Westmoreland County boys basketball notebook: Greensburg Central Catholic coaching tree blossoms

Wednesday, February 21, 2024 | 5:26 PM

Dr. Greg Bisignani stepped down at the conclusion of the 2018-19 season as boys basketball coach at Greensburg Central Catholic after eight seasons.

When he did, he was essentially passing the torch to his protege and former player, Christian Hyland.

Two years later, another one of his former Centurions also joined the coaching ranks when Jesse Reed took over at Franklin Regional.

Now, Hyland and Reed have led their teams to the WPIAL quarterfinals.

Both GCC and Franklin Regional are 21-2.

Hyland is in his fifth season, Reed his third.

“They were both point guards for me and I’ve always thought point guards make the best coaches,” said Bisignani, a longtime orthopedic surgeon in the area. “They know all of the positions, where guys are supposed to go and all the plays. Guys like that are contagious with their energy and leadership.”

GCC made the WPIAL finals on separate occasions with both Hyland and Reed guiding the offense, including a PIAA finals appearance with Reed in 2011.

Hyland said Bisignani has had an influence on his coaching.

“My dad is probably who got me thinking about coaching first,” Hyland said of his father, Denny, an assistant at GCC. “He was a grade-school coach (at Penn-Trafford), so I saw him coach when I was in middle school. He coached us in AAU.

“Bis had an influence. I probably see it most in prep. He was big into scouting and watched a ton of film. I am the same way.”

Reed, who also played at Saltsburg and later The Kiski School, was a 1,000-point career scorer and a Division I player at American.

“Seeing them have success,” Bisignani said, “it makes me feel like a proud dad.”

Hyland made the WPIAL finals in his second season as a coach. Reed is trying to guide the Panthers to their first finals trip since 2017-18.

Hyland was on WPIAL finals teams as a player and coach.

“It’s hard to believe that, as good as this program has been,” Hyland said, “we haven’t won a WPIAL title. That’s a big motivating factor for us.”

Reed said Bisignani and former GCC assistant Bill Swan impacted his coaching prospects.

“Coach Bis and coach Swan have been huge influences on my career,” Reed said. “I’ve gone to them numerous times for advice and think back to the relationship I had with them while I was a player.”

The Bisignani coaching tree also includes a pair of Hyland’s former teammates in Colin Bisigani, the former coach’s son, and Brian Graytok.

The younger Bisignani is an assistant at Hempfield on Swan’s staff.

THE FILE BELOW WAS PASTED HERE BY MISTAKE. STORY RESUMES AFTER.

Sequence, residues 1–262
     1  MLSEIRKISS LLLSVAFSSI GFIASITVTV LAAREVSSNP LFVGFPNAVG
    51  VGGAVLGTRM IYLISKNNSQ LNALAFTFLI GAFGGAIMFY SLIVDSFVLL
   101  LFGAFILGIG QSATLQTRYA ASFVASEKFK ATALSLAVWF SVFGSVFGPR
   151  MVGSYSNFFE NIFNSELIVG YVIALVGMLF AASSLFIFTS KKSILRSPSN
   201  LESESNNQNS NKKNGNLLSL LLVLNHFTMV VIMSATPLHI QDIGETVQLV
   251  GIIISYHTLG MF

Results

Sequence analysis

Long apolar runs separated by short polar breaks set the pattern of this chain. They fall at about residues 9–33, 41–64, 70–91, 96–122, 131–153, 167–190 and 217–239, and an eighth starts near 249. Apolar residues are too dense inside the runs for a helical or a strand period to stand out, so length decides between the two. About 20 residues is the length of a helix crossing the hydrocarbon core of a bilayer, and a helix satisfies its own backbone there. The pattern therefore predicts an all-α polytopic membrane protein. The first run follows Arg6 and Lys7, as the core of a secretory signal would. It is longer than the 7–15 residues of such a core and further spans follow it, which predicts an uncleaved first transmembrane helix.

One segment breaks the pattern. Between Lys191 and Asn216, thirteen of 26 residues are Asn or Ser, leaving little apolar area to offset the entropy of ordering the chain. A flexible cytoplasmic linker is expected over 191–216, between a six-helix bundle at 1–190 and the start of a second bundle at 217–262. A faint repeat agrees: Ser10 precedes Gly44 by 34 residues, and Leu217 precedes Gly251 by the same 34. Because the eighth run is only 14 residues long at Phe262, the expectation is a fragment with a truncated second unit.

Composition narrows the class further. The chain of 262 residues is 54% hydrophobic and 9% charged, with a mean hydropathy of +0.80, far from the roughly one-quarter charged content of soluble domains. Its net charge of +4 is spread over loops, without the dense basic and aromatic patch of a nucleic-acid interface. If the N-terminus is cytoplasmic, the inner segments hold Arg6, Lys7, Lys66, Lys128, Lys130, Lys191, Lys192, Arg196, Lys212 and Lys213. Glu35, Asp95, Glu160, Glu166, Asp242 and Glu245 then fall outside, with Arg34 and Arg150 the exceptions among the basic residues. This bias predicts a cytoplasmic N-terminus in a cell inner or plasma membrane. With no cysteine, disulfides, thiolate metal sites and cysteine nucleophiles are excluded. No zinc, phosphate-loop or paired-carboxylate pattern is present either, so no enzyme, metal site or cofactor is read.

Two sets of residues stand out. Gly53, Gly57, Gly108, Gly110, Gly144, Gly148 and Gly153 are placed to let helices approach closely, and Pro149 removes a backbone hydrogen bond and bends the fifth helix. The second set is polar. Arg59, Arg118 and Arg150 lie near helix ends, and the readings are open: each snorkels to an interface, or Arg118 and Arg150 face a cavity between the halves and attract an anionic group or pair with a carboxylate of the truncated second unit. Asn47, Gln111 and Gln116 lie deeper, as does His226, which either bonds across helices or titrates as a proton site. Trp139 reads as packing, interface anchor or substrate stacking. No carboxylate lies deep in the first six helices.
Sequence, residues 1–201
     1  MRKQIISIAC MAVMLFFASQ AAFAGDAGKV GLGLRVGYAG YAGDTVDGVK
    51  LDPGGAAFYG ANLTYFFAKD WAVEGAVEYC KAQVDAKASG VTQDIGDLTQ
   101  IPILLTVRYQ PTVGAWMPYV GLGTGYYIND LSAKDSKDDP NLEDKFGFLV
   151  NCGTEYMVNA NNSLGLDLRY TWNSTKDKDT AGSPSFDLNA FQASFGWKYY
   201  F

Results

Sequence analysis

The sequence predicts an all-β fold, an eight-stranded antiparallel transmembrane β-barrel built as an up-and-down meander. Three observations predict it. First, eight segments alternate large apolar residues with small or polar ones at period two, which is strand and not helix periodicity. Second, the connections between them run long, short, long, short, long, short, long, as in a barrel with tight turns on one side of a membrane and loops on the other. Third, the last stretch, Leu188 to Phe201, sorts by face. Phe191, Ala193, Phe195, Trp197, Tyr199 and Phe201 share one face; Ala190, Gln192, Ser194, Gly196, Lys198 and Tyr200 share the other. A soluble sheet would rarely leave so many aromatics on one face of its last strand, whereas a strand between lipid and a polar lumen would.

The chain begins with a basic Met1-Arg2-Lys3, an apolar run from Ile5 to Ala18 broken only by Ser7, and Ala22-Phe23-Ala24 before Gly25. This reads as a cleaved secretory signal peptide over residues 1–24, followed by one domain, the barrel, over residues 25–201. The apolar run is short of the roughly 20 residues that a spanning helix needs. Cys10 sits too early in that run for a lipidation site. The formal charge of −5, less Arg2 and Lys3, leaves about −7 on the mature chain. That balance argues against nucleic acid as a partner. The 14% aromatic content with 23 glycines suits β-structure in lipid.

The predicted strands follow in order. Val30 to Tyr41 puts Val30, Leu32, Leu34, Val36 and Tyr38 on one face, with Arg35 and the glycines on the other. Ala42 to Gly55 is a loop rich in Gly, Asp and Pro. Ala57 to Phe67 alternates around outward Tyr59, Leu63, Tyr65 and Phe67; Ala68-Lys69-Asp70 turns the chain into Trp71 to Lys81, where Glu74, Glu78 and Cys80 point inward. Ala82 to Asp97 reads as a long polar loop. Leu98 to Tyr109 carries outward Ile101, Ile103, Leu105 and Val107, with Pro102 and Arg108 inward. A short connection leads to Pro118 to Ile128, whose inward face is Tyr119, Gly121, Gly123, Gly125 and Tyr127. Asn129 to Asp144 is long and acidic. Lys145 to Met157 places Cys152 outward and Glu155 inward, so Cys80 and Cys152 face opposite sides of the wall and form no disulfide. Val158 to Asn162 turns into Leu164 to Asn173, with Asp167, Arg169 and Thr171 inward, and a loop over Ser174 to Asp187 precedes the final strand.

Graytok was an assistant briefly at GCC before taking a break from coaching.

Ty Swan, who also played at GCC, was an assistant with his father, Bill, at Hempfield.

Dr. Bisignani’s daughters also dabbled in coaching. Leah, a standout volleyball player at GCC and Seton Hill, coached club volleyball at Ohio State.

Mikayla Bisignani, a former standout swimmer at Johns Hopkins, helped coach the Carnegie Mellon swim team.

“The best coaches are often the best teachers,” Greg Bisignani said.

We meet again

Franklin Regional and Gateway will play for a third time Thursday night, this time in the WPIAL Class 5A quarterfinals.

The second-seeded Panthers (21-2) face the No. 7 Gators (17-6) at 8 p.m. at Norwin.

The first game of the doubleheader features Class 6A girls No. 1 seed Norwin (18-3) hosting No. 8 Seneca Valley (12-10) at 6.

Franklin Regional and Gateway split during the Section 3 season, with each winning on the other’s home floor.

“We know each other amazingly well and we’re two teams that are ready to compete at a high level,” Reed said. “This will be the toughest game of the season for us, thus far. We’re expecting a good crowd and a fun atmosphere for all the players.”

Franklin Regional has never won a WPIAL title in boys basketball. Gateway has two titles, in 2011 and ‘12.

Familiar foes

Another year, another GCC-Eden Christian matchup in the postseason.

GCC (21-2), the No. 2 seed in 2A, will face Eden (12-10) for a third time in five years in Friday’s quarterfinals.

Eden won in Hyland’s first year as coach. GCC won last year in the quarters.

“They shoot a ton of 3s off the dribble-drive,” Hyland said. “We have to be ready for that. We know them from last year.”

Eden is coached by former Pittsburgh Steelers defensive end Aaron Smith.

Moving up

Monessen senior guard Lorenzo Gardner is moving closer to the top spot on his school’s boys scoring list.

With 1,602 points going into Wednesday’s quarterfinals, Gardner, who had a 64-point game last week, ranked second on the Greyhounds’ list behind A.J. Jackson (1,757).

Derry aisle

Derry, the No. 12 seed in 3A, delivered the first bracket buster of the boys postseason by upsetting No. 5 seed Our Lady of the Sacred Heart, 54-53.

It was the first playoff win in the first round for the Trojans in program history. Derry beat Southmoreland in the preliminary round in 2020-21 for the team’s inaugural postseason win.

“Our defensive effort was outstanding when it needed to be,” Derry coach Tom Esposito told the Westmoreland Sports Network. “We had one more point than them and that’s all that counts. To beat a program like OLSH … this game is for every team that I ever coached at Derry.”

Brown plays

Jeannette sophomore guard Kymone Brown sustained an injury in a pre-playoff scrimmage against Monessen and was questionable for Tuesday’s 2A first-round matchup against Sewickley Academy.

Not only did Brown play, but he led the Jayhawks with 17 points in a 52-47 win at home.

40 piece

Eli Teslovich, a senior guard at Shady Side Academy who is from Belle Vernon, scored 40 points in the Bulldogs’ 79-62 win over Beaver Falls in the WPIAL 3A first round.

Bill Beckner Jr. is a TribLive reporter covering local sports in Westmoreland County. He can be reached at bbeckner@triblive.com.

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